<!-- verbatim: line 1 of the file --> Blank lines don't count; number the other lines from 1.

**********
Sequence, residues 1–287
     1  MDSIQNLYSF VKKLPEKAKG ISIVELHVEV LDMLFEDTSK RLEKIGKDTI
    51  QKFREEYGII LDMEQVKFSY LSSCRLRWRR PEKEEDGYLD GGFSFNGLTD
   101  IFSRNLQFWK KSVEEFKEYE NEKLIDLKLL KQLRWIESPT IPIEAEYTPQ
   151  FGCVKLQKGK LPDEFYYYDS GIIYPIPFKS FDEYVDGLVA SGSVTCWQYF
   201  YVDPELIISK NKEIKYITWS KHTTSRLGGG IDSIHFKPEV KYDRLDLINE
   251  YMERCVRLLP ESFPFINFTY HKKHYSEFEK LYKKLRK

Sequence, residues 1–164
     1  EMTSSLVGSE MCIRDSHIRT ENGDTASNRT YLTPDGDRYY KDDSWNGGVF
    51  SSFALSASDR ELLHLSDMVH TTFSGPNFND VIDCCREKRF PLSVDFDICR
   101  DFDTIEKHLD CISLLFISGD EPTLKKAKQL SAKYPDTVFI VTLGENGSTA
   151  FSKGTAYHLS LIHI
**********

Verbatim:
Sequence, residues 1–287